"I had registered the truck for a small local car show the day it arrived, and after a quick clean we headed to the show. We quickly found that the gauges didn't work, the gas tank was leaking, the suspension was really loose and the steering would turn right correctly, but only half a turn left. The truck ended up taking third place (out of three trucks!) and with my fathers help, we got it back home in one piece safely."
"Once home, we found that the truck had been thrown together and most of the suspension hardware (nuts and bolts) were loose and missing from the trip to the show. The steering column was stamped Toyota and jammed in place to fit between the headers. Turning left was locking it against the header. As funny as it sounds, we turned it upside down and it cleared the header! The "new" front suspension was the original 1957 suspension with lowering blocks on the FRONT leaf springs. The "new crate engine" turned out be a tired 350, but I drove the truck for three summers like this while I saved up to redo it correctly."
"The winter of 2009/2010 I had had enough money to start the restoration. I ordered an IFS kit for the front and we stripped the front of the truck to bare bones. The new suspension went in next and the firewall was shaved, then the front section of the frame was boxed in and painted with Eastwood 2K Ceramic Chassis Black."
"The engine was made into a 383 stroker and retrofitted with 92 firebird fuel injection. I used sticky mickey's and drew out a punisher skull on the intake. "
"The summer of 2010 barely existed with a newborn in the mix. All of the work so far (including the paint) was done in my two car garage. The 57 was getting a little further, but nothing like the year before. We then started on the interior. I welded in sheet metal to close off the cab where the gas tank used to be and welded in a console to hide the fuel injection harness. The dash needed a lot of work and was mostly filler. The wiring was trash with new bits and pieces tied in with old wires, burned wires, and a rats nest of wires that didn't go to anything. Lastly the top corners where the sunvisors connected looked like they were hammered in and redrilled a few dozen times."
This isn't my first paint job, but it was my first successful paint job. We decided to add some ghost flames with the help of more Sticky Mickey's. To apply the flames we used copper flake in a clear base.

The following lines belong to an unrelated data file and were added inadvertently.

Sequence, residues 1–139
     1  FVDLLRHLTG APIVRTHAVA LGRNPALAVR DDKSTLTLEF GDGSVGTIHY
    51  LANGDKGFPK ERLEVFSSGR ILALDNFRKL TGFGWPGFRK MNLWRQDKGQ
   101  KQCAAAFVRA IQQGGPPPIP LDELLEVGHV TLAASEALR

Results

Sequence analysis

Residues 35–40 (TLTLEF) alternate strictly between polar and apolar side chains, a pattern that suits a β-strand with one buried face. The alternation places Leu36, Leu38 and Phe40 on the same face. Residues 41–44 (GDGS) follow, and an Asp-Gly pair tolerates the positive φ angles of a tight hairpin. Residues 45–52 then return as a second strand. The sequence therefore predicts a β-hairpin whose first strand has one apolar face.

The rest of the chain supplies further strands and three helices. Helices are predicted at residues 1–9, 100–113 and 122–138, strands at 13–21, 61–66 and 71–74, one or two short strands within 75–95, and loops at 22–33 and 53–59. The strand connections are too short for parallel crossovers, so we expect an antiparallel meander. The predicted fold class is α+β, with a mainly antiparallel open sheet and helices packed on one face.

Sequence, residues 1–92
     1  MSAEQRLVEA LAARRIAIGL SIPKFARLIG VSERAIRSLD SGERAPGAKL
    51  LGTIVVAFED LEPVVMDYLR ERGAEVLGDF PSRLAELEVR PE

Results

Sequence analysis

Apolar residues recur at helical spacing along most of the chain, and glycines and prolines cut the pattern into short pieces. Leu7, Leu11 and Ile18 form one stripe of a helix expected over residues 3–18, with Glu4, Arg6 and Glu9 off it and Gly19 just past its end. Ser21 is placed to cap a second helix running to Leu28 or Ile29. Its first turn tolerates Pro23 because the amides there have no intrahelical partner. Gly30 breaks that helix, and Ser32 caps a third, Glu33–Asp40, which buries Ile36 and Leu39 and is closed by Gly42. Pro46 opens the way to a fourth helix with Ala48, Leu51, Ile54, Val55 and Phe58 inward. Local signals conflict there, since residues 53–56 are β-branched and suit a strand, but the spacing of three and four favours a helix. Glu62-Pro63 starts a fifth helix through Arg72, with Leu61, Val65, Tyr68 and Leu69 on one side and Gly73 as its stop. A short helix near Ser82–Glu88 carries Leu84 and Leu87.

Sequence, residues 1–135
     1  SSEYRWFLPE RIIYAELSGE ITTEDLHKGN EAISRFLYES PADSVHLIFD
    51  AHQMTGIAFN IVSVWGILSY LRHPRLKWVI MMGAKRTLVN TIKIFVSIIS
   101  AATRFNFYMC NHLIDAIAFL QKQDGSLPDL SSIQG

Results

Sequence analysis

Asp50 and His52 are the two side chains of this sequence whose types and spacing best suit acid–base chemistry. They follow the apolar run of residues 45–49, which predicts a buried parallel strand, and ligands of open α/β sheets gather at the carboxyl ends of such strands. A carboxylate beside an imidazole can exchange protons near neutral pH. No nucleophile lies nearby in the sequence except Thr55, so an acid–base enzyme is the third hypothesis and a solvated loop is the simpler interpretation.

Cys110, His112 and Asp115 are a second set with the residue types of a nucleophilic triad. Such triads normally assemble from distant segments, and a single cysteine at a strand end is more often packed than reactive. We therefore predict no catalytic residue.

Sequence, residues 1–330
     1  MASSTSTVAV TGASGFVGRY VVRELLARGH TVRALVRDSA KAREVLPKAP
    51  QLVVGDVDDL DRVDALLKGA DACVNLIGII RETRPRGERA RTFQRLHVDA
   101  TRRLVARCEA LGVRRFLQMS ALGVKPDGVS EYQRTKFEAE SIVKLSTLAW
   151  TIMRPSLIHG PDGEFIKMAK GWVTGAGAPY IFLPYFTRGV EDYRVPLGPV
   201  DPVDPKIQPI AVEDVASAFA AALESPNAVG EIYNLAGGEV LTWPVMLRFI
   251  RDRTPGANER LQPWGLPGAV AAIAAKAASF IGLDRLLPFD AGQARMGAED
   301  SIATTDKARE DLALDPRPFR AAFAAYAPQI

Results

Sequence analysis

"It was around this point that I was in the accident. Since then, the interior was put back together but unfinished and the truck is together and running. It needs the doors and fenders to be hung correctly, the paint needs to be buffed and touched up. Wiring needs to be finished. The exhaust is on but needs work. The windows are now electric, but need attention. A new windshield was put it in, but the wipers are not connected. Sound deadening (Thermo-Coustic??)will be one of my first steps.
With the motivation and dedication I have now for the 57 I know I will be driving it when the snow is gone this year. For a guy like me, that eats and breaths cars this is truly a dream come true. Again, Thank you Eastwood!"
We thank you for your service Keith and we hope you can put the Eastwood products to good use on the '57 or your '69 Mustang Coupe project! Congrats!
We're always elbow deep in projects here at Eastwood, and while tearing down an original 350 SBC (small block v8 Chevy engine) we decided to document the process. Since the engine had never been apart before, we decided it would be a great test for our Eastwood Air Tools and our new, growing line of Eastwood Hand Tools. Along the way we snapped a few shots of the process.
The engine after a good wash with the electric power washer and some Eastwood Chassis Kleen
We put the Eastwood Twin Hammer Composite Impact Gun to the test removing the original Chevrolet/GM head bolts.
With the heads removed and the cylinders cleaned, we can check the short block for any damage to the cylinder walls, cam, etc. before deciding if we want to send this off to the machine shop for a full rebuild, or just a DIY ball hone and refresh.
The disassembly took about 30 minutes with the help of these new Eastwood tools and sure put a beating on them! Now we have to decide how far we want to Hot Rod this ol' 350 engine!